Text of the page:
Monday, November 01, 2010

The Beginning of a School Boy's Adventures

This morning I'm sitting at my sunroom window at the computer watching my second child wait for the bus at the end of our long driveway.

After homeschooling him until the age of ten years, we've come to the conclusion that this year school might be a better option for us.

Last week, his first week, I asked him if he wanted me to wait at the end of the driveway with him.  He did.

Today, the first day of his second week, he said, "No thanks, Mom."


I watch him wait as I click around my keyboard.  On the odd occasion he looks back at the house.  Mostly he doesn't though.  Sometimes he hides behind a tree.  I wonder what he's thinking or pretending.

Nevertheless, he's clearly busy thinking his own thoughts and anticipating his own day.  When the bus arrives he gets on and goes quickly to his seat with no thought to look back at his home.  I know that he is more concerned about whether his friend Mitchel will be on the bus this morning and what they will do at school today.

I could not have wished for a better First Teacher for him.  She's not only the 5/6 teacher, she's also the theatre arts specialist in the school.  My one kid who is tremendously shy one-on-one but loves stage performance landed the teacher of a lifetime.  It carries the same feeling that I had when I was a little girl, reading Cinderella, finding out that the Fairy Godmother shows up to make sure all is well.  Pure relief.  As a matter fact when she was first talking to him about the class, I stood out in the hallway and almost wept with tears of relief and joy.

School has so much potential for him and so many opportunities.  I really want it to be great and I really want him to love and revel in each and every experience. I know if anyone can help it be great, Mrs. Dumais can.

So, it's all as it should be.  I feel like I've done what I've supposed to do.  The time is right for him to go. He's secure enough not to worry about home anymore.

For a long time it wasn't that way.  Sick kids like to be at home. It's their safe place. It was the place he wanted to be most of all.

It's been a long time since he's been 'a sick kid' though. (Knock on wood.)

As a result, his focus is going outward now.  I am scared he will get sick out there again but I don't tell him that.  I remind him to wash his hands lots and have fun.  I'm guessing he doesn't need me to remind him to do the latter.  Really, I keep telling myself, he'll be fine.  If he was going to get sick, I think I would have seen whispers of it in his first week.  But I didn't see anything.  Really.

It all began this year because, at the age of ten, he's finally sleeping in his own bed.  Honestly, I think it only happened because his five year old brother decided to sleep in the new bunkbed set I put together upstairs for them, and he didn't want to be overshot by a little kid.  He's always had his own bed.  He's just never wanted to sleep in it.  It's the 'safe' thing again, I think.  And it was for me too.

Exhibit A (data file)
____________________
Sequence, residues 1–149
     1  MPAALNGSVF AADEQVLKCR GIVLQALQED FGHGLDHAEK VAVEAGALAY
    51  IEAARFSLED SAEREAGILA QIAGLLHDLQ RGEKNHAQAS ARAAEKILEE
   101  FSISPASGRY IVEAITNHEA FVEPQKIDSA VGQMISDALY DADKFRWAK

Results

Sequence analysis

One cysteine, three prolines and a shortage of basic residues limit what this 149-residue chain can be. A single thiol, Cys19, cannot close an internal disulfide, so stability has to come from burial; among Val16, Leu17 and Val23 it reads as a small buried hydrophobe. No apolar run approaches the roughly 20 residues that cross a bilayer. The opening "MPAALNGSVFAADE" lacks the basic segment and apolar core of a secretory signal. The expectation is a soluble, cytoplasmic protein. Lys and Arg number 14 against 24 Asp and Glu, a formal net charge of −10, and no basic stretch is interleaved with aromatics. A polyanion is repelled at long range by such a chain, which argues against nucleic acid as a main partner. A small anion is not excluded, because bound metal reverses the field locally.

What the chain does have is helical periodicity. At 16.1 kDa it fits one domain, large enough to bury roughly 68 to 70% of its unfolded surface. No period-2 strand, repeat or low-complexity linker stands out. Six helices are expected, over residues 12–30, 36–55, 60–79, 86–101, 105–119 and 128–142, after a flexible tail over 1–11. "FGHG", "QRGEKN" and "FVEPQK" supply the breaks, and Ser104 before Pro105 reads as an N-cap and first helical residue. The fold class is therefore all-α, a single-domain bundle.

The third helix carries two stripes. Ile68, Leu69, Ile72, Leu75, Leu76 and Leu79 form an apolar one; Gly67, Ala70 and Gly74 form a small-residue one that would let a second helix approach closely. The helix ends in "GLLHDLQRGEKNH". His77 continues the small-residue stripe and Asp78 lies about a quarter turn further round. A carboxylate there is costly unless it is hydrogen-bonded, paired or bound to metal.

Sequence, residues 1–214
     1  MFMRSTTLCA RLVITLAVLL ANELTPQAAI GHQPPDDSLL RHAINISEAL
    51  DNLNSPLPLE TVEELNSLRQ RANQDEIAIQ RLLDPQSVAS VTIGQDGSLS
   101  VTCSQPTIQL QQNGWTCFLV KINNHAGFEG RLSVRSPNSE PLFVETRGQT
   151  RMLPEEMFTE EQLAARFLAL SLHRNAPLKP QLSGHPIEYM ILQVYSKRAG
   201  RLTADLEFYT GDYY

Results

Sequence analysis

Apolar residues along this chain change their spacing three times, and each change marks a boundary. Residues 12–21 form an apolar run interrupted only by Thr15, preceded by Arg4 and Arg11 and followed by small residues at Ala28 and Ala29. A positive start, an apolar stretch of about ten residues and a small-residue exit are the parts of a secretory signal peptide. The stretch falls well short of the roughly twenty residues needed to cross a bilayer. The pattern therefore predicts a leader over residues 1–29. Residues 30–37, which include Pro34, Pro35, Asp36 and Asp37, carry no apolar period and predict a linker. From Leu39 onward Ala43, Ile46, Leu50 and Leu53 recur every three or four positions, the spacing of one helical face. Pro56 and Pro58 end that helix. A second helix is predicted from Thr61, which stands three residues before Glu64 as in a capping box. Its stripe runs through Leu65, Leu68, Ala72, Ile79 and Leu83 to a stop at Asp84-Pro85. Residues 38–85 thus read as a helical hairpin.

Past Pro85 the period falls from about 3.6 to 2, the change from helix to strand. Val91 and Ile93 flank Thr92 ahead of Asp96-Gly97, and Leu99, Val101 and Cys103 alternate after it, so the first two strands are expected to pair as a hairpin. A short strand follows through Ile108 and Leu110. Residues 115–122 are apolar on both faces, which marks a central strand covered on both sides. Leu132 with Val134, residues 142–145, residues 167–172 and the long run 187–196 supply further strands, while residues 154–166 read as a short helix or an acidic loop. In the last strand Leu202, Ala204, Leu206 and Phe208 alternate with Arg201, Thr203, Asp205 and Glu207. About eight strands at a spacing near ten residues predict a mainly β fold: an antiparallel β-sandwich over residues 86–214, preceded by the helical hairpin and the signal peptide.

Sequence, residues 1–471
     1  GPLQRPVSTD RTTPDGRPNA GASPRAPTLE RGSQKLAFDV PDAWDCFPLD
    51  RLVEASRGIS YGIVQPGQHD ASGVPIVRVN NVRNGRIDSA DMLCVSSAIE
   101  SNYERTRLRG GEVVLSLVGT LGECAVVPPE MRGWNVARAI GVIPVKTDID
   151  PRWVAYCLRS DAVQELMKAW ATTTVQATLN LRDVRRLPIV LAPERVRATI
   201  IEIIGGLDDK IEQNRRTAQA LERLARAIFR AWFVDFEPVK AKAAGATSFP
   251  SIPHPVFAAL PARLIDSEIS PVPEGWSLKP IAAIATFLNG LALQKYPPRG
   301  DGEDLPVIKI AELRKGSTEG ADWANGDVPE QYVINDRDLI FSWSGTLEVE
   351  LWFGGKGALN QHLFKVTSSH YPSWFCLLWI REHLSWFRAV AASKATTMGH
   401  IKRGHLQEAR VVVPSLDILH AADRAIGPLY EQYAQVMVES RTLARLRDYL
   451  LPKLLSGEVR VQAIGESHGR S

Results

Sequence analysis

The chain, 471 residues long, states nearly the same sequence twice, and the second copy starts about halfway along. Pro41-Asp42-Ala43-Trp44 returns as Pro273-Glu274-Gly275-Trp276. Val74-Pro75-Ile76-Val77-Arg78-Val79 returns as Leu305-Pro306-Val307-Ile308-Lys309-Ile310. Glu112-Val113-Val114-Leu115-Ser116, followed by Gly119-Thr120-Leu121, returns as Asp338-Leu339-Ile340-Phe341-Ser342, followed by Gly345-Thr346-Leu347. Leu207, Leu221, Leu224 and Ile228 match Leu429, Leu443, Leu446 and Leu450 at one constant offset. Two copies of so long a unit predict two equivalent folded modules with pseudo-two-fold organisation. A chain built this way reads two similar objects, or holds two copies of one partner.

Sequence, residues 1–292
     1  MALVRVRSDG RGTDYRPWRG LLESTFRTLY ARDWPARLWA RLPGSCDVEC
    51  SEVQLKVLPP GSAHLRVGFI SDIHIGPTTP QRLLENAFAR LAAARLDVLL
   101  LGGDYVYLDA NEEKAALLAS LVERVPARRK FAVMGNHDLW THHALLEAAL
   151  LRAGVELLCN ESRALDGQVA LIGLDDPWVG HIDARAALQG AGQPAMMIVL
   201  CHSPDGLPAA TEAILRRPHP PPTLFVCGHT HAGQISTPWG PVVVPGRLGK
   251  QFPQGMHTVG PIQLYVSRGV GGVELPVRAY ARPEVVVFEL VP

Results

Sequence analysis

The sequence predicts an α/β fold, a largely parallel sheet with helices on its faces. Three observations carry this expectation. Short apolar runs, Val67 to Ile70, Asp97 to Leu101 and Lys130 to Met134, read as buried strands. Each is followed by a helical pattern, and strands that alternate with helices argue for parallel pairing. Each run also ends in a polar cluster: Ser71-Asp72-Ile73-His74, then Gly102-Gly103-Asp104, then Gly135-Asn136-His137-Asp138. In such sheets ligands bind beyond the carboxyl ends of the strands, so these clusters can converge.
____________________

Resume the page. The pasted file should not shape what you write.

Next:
When he was sick, if his temperature suddenly skyrocketed in the middle of the night, the heat coming off him would wake me and I could make sure to wipe him down with a damp cloth, at least keeping him in the 'safe' range.  If he was in another room, I was always afraid I wouldn't know, he would skyrocket, begin seizing and die alone.  These are the thoughts that go through the head of a mother with a 'sick kid'.

For the last eight years on his special diet he hasn't had a fever.  But his first three years of life, it was a case of being constantly vigilant, and performing our 'wiping ceremony', sometimes several nights a week.  It makes fear sit in a mother's gut like slab of concrete with spikes sticking out of it.  It does erode with time... but it takes a while.  Apparently it's the same for 'sick kids' so I didn't want to force him to be alone at night if he wasn't emotionally 'ready'.

So all of a sudden he's ready, to conquer the whole world, it seems to me.  I know I have to let him go.

He's bright, clever, witty, good at school and the kind of kid who, despite a couple of minor ticks, other kids think is really cool and want to be around.

My final, almost overwhelming feeling as I watch the bus disappear beyond the treeline is that my chest will explode with pride and excitement.  He is on his way toward a new adventure and loving every minute of it.  After years of feeling like I didn't have a clue, it brings tears to my eyes to see I've done right by him.

Monday, June 28, 2010

The Idi-Odyssey: Stage Left!

One of the parents in our homeschool group decided to get an acting class/troupe together for our kids.  It was a lot of work for her and my hat's off.  I don't think I could've done it.  I'm sure I'd have been spitting nails half way through.  It's not easy to co-ordinate classes, a show, multiple families and more PLUS she works full time.  So yup, I've got a new source of inspiration. ;)

It was a great experience for us but as with all experiences, not without its rough spots.  As usual, I'm glad we did it.  After all, nothing prepares us for life, like life experience. :)

My son can tend to stutter a bit and my daughter was hating the experience.

The instructor, who is a professional director, gave us some good information/advice and we put it to use when we were practising at home and helped to psychologically prepare the kids.